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Five free agent starting pitchers still available for A's to target

It's no secret the A's could use some starting pitching help.

The problem became more dire this week when the team announced talented left-hander Jesús Luzardo would be shut down for four to six weeks with a rotator cuff strain.

Though the season is already underway, there are still several starting pitchers available on the free agent market. Former Cy Young Award winner Dallas Keuchel tops the list, but don't expect the A's to throw massive money his way.

Instead, Oakland may choose to pursue one of these five starters:

Edwin Jackson

Jackson certainly makes the most sense of anyone. The 35-year-old right-hander was the most pleasant of surprises last season. Jackson went 6-3 with a 3.33 ERA in 17 starts and was a key part of the A's clubhouse chemistry.

The two sides have been in contact for much of the offseason but have not been able to come to terms on a deal. That could change now that Jackson and the A's both figure to be a little more desperate.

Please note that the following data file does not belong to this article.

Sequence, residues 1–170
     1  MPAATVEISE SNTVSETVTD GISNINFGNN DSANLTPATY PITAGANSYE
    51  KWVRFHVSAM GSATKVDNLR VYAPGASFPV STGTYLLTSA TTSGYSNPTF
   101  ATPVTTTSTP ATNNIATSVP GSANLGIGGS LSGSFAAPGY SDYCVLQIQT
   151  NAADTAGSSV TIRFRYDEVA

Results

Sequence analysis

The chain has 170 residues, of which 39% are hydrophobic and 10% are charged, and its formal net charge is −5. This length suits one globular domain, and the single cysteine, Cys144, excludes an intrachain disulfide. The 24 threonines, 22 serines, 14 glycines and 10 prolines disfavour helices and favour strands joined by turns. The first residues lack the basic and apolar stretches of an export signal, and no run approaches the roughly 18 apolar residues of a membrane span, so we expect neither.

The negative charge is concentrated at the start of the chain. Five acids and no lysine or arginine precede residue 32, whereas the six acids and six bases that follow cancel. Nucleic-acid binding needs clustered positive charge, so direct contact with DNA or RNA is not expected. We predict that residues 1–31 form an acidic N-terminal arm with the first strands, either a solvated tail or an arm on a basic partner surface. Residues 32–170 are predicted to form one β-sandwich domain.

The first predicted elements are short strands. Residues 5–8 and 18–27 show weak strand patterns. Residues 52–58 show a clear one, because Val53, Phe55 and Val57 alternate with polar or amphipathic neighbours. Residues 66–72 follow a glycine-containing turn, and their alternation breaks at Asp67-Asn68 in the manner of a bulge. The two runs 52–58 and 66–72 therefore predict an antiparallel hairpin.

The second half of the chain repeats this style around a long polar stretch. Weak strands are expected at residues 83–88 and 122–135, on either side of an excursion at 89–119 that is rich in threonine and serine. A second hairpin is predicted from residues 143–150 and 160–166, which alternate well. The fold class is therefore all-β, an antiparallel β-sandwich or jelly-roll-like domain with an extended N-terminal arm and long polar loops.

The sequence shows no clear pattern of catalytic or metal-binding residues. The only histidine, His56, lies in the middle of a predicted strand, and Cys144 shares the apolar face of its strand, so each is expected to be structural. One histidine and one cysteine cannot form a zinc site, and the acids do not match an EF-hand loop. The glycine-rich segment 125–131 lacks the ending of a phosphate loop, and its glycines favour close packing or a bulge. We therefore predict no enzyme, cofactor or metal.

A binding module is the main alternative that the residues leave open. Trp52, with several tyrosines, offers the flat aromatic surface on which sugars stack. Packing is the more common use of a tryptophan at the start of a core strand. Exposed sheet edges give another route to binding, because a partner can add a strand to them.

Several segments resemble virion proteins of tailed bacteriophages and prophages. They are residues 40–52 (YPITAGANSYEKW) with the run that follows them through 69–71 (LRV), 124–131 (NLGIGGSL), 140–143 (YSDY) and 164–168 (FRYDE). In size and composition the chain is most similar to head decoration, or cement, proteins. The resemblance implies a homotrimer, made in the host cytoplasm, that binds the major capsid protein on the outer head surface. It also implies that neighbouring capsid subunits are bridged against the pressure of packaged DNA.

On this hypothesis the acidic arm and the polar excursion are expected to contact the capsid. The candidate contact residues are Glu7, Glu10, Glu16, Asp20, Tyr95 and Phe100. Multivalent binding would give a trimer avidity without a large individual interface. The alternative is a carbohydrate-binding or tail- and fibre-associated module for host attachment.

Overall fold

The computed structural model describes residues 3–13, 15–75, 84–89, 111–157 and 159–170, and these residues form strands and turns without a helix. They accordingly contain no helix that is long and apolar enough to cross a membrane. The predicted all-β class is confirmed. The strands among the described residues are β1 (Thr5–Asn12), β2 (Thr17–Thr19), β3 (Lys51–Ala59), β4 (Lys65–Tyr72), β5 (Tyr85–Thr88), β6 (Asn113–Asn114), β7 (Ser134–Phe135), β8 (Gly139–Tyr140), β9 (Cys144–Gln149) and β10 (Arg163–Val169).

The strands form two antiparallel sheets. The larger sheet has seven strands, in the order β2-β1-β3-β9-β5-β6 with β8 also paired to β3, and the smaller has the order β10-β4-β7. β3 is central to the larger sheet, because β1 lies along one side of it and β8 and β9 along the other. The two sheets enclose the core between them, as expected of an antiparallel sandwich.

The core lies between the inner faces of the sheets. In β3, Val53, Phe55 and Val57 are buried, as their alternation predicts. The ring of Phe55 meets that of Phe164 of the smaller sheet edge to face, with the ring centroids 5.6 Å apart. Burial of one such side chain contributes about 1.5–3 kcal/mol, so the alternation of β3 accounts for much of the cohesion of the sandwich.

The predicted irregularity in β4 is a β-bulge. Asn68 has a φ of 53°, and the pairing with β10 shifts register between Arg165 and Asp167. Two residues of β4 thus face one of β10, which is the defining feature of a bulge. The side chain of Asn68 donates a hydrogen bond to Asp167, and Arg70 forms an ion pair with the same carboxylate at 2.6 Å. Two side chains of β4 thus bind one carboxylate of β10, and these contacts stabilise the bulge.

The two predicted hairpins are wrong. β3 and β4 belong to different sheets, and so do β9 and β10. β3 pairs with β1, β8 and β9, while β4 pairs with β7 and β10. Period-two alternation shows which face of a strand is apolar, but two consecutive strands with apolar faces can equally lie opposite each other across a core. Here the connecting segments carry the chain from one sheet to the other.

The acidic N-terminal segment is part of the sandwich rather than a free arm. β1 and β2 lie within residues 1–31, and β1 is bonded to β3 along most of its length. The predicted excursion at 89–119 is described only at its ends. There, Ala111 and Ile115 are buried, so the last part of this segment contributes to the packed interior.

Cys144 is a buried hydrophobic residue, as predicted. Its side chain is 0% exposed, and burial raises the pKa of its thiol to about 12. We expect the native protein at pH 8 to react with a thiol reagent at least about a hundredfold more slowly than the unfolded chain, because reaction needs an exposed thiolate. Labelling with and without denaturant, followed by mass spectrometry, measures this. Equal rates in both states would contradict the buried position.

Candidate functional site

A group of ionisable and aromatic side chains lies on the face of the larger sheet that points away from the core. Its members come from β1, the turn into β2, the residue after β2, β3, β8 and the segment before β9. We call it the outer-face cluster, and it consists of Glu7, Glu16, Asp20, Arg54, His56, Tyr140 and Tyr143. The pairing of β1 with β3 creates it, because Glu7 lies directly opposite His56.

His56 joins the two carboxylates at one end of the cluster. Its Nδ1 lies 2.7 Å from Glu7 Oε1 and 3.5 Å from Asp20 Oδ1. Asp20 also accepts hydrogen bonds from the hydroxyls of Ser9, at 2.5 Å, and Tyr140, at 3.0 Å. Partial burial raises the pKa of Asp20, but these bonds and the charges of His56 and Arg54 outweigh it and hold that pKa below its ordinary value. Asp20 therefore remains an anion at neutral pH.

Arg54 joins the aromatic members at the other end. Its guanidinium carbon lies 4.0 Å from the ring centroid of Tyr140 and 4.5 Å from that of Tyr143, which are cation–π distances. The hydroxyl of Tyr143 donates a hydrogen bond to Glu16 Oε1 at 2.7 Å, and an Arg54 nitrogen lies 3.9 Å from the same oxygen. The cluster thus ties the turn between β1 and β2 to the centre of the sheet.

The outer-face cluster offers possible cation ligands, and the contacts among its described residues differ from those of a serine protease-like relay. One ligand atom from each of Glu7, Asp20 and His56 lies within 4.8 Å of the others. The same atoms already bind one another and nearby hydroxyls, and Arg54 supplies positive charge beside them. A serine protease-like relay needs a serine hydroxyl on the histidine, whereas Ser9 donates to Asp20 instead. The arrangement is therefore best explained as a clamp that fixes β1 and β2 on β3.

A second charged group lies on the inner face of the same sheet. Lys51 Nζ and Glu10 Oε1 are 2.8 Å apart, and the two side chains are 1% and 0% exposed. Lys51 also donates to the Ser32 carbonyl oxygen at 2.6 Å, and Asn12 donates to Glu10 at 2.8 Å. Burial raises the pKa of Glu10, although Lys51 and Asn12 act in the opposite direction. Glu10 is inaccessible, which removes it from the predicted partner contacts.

James Shields 

At the age of 37, Shields is obviously nearing the end of his career, but he figures to get a shot somewhere in the league. The former All-Star went just 7-16 with a 4.53 ERA last season with the White Sox but did pitch over 200 innings.

Shields has a career ERA of 4.01 in 13 seasons. The right-hander would likely fair better on a team like Oakland, especially playing his home games at the pitcher-friendly Coliseum.

Miguel González

González is coming off season-ending rotator cuff surgery, but at just 34 years old he has a chance to bounce back. The right-hander went 8-13 with a 4.62 ERA in 2017, his last full season, but recorded a solid 3.73 ERA the year before.

González has a career ERA of 4.06 in seven major league seasons and could be another pitcher who would benefit from the Coliseum. He will be available for cheap, making him a low-risk signing.

Yovani Gallardo

Gallardo has struggled the past few seasons, but at just 33 years old, he still has time to regain his form. The right-hander has a career ERA of 4.06 in 12 big league seasons.

Gallardo's last productive season came in 2015 with the Texas Rangers. The former All-Star finished that year 13-11 with a 3.42 ERA. Like González, he should be available for a low cost.

[RELATED: A's have options at first base after Olson injury]

Bartolo Colón

Yes, Big Sexy is still going strong at the age of 45. You've got to think someone will take a flier on the former Cy Young Award winner, who will be entering his 22nd major league season.

Colón has 247 career wins and a 4.12 ERA, though he struggled to a 5.78 ERA last season in Texas. But three years ago, the right-hander went 15-8 with a 3.43 ERA and made his fourth career All-Star Game.